Deploy Chaos Toolkit as a Kubernetes Operator

Kubernetes operators are a popular approach to create bespoke controllers of any application on top of the Kubernetes API.

The Chaos Toolkit operator listens for experiment declarations and triggers a new Kubernetes pod, running the Chaos Toolkit with the specified experiment.

Deploy the operator

The operator can be found on the Chaos Toolkit incubator.

It is deployed via typical Kubernetes manifests which need to be applied via Kustomize, the native configuration manager.

First, download the Kustomize binary:

$ curl -s "https://raw.githubusercontent.com/kubernetes-sigs/kustomize/master/hack/install_kustomize.sh" | bash

Next, simply run the following:

$ ./kustomize build manifests/overlays/generic-rbac | kubectl apply -f -

This will build the manifests and apply them on your current default cluster. Notice how we use the RBAC variant of the deployement. If you have other requirements (no-RBAC, pod security or network policies), then check the operator’s documentation to deploy the appropriate variant.

By now, you should have the operator running in the chaostoolkit-crd.

$ kubectl -n chaostoolkit-crd get po
NAME                                READY   STATUS    RESTARTS   AGE
chaostoolkit-crd-7ddb9b78d9-dgxx7   1/1     Running   0          35s

Run an experiment

Now that your controller is listening, you can ask it to schedule a Chaos Toolkit experiment by applying a resource with the following API:

apiVersion: chaostoolkit.org/v1
kind: ChaosToolkitExperiment

Below is a basic example, assuming a file named basic.yaml:

---
apiVersion: v1
kind: Namespace
metadata:
  name: chaostoolkit-run
---
apiVersion: v1
kind: ConfigMap
metadata:
  name: chaostoolkit-experiment
  namespace: chaostoolkit-run
data:
  experiment.json: |
    {
      "version": "1.0.0",
      "title": "Hello world!",
      "description": "Say hello world.",
      "method": [
        {
          "type": "action",
          "name": "say-hello",
          "provider": {
            "type": "process",
            "path": "echo",
            "arguments": "hello"
          }
        }
      ]
    }
---
apiVersion: chaostoolkit.org/v1
kind: ChaosToolkitExperiment
metadata:
  name: my-chaos-exp
  namespace: chaostoolkit-crd

We first create the namespace in which the Chaos Toolkit will run.

Then, we need a config-map to pass the experiment to execute.

Finally, we simply create a ChaosToolkitExperiment object that the controller picks up and understand as a new experiment to run in its own pod.

Apply it as follows:

$ kubectl apply -f basic.yaml

Look at the Chaos Toolkit running:

$ kubectl -n chaostoolkit-run get po

The status of the experiment’s run, if it deviated, defines the status if the pod. So, when the experiment does deviate, the pod should have a status set to Error. Otherwise, the status will be Completed.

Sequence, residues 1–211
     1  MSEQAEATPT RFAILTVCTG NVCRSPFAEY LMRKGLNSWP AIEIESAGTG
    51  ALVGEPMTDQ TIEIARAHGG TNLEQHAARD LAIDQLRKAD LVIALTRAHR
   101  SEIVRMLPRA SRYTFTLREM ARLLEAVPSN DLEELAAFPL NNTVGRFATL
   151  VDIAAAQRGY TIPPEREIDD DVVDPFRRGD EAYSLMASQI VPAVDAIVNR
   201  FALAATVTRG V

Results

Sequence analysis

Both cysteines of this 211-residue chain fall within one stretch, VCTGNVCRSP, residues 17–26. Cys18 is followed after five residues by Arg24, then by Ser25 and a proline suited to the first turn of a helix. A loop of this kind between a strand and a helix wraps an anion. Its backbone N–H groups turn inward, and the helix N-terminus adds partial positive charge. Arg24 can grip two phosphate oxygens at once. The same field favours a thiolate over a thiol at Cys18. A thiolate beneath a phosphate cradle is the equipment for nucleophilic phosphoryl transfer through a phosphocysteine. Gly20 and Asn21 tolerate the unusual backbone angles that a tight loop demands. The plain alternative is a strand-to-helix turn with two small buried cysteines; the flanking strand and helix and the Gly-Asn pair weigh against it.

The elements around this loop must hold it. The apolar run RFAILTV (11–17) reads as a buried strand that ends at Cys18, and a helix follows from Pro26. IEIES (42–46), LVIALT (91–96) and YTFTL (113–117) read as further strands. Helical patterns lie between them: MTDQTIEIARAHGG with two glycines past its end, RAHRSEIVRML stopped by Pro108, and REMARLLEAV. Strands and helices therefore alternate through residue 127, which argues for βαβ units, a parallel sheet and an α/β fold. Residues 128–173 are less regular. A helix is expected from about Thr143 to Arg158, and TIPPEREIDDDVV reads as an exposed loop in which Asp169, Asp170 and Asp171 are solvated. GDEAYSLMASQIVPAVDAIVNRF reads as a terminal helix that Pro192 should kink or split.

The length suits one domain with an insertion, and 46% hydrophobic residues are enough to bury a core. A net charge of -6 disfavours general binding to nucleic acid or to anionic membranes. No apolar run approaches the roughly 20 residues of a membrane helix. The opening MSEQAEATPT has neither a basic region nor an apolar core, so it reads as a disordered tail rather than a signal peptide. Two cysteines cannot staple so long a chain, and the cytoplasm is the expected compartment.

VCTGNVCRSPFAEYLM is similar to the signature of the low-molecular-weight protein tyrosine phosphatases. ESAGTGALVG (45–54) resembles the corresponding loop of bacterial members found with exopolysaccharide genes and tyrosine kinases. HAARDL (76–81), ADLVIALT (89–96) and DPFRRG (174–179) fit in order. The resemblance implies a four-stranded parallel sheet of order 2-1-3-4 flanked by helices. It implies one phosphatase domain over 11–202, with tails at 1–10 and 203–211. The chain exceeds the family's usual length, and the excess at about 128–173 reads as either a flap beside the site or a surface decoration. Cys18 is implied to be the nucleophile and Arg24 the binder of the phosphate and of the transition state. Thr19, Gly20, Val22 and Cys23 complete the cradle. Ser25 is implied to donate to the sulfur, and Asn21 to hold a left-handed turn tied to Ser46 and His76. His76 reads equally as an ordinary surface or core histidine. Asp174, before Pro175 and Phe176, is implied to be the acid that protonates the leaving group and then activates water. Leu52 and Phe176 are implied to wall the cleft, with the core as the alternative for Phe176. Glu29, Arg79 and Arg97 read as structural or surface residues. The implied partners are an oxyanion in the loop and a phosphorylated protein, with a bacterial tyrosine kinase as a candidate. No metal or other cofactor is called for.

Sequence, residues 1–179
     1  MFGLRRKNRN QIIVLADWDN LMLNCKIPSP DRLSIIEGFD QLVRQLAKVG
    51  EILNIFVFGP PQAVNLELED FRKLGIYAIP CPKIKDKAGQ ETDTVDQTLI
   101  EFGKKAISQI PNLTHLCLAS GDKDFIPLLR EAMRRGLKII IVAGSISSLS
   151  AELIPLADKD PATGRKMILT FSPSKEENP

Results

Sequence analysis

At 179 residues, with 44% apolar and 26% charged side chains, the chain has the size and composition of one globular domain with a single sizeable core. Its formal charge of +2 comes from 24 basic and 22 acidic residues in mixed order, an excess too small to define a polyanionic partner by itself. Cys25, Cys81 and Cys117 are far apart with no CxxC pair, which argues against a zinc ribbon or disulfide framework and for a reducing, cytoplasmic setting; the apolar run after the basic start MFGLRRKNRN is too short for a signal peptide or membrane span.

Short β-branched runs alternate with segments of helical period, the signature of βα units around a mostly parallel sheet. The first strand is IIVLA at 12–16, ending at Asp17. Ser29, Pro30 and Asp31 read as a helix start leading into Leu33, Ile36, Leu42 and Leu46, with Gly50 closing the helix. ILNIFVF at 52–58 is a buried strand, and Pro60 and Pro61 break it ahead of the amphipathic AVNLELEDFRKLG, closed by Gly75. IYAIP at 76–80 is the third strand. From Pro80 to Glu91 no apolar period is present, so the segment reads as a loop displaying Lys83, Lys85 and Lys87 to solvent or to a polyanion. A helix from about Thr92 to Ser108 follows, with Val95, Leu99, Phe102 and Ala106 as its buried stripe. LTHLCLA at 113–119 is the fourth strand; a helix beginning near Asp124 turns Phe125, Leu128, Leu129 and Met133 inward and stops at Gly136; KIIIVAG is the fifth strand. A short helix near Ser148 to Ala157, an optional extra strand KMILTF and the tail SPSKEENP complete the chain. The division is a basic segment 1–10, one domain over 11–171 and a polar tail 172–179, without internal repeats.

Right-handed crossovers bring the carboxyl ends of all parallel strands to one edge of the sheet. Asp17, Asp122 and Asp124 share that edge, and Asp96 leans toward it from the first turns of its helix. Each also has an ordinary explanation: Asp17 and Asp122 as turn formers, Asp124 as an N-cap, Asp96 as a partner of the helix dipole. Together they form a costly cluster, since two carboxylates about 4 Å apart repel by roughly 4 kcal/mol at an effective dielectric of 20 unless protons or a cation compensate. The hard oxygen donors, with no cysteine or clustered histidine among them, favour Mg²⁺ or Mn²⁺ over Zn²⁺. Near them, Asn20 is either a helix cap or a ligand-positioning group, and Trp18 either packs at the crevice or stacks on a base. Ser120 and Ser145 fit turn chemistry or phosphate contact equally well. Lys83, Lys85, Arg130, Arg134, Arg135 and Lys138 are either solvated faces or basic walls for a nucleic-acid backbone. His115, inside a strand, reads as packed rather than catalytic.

Delete the experiment run’s resources

To delete the run’s resources, simply delete the object as follows:

$ kubectl delete -f basic.yaml

Configure the experiment

Chaos Toolkit experiments often expect data to be passed as environment variables of the chaos‘s command shell.

The operator allows you to specify those values through the the config-map as we saw above:

---
apiVersion: v1
kind: ConfigMap
metadata:
  name: chaostoolkit-env
  namespace: chaostoolkit-run
data:
  NAME: "Jane Doe"

They will be injected into the Chaos Toolkit’s pod as environment variables.

Load the experiment from a URL

By default, the experiment is read from a file you might want to load it from a remote URL instead.

---
apiVersion: v1
kind: ConfigMap
metadata:
  name: chaostoolkit-env
  namespace: chaostoolkit-run
data:
  EXPERIMENT_URL: "https://example.com/experiment.json"
---
apiVersion: chaostoolkit.org/v1
kind: ChaosToolkitExperiment
metadata:
  name: my-chaos-exp
  namespace: chaostoolkit-crd
spec:
  pod:
    experiment:
      asFile: false

You need to pass the EXPERIMENT_URL environment variable and tell the operator it should not try to mount the default experiment volume.

Configure the chaos run command

Chaos Toolkit reads its settings from a file and you can pass yours by creating a Kubernetes secret named, by default, chaostoolkit-settings.

For instance, assuming you have a Chaos Toolkit settings file, you can create a secret from it as follows:

$ kubectl -n chaostoolkit-run \
    create secrets chaostoolkit-settings \
    --from-file=settings.yaml

Reading settings is disabled by default, so you need to let the operator know it should allow it for that run:

---
apiVersion: chaostoolkit.org/v1
kind: ChaosToolkitExperiment
metadata:
  name: my-chaos-exp
  namespace: chaostoolkit-crd
spec:
  namespace: chaostoolkit-run
  pod:
    settings:
      enabled: true

Run the experiment with specific extensions

The default container image used by the operator is the official Chaos Toollkit image which embeds no Chaos Toolkit extensions.

This means that you will likely need to create your bespoke container image. For instance, to install the Chaos Toolkit Kubernetes extension, create a Dockerfile like this:

FROM chaostoolkit:chaostoolkit

RUN apk update && \
    apk add --virtual build-deps libffi-dev openssl-dev gcc python3-dev musl-dev && \
    pip install --no-cache-dir chaostoolkit-kubernetes && \
    apk del build-deps && \
    rm -rf /tmp/* /root/.cache

Then create the image with docker:

$ docker build --tag my/chaostoolkit -f ./Dockerfile

or, something such as Podman:

$ podman build --tag my/chaostoolkit -f ./Dockerfile

Once this image is pushed to any registry you can access, you need to let the operator knwo it must use it.

---
apiVersion: chaostoolkit.org/v1
kind: ChaosToolkitExperiment
metadata:
  name: my-chaos-exp
  namespace: chaostoolkit-crd
spec:
  namespace: chaostoolkit-run
  pod:
    image:
      name: my/chaostoolkit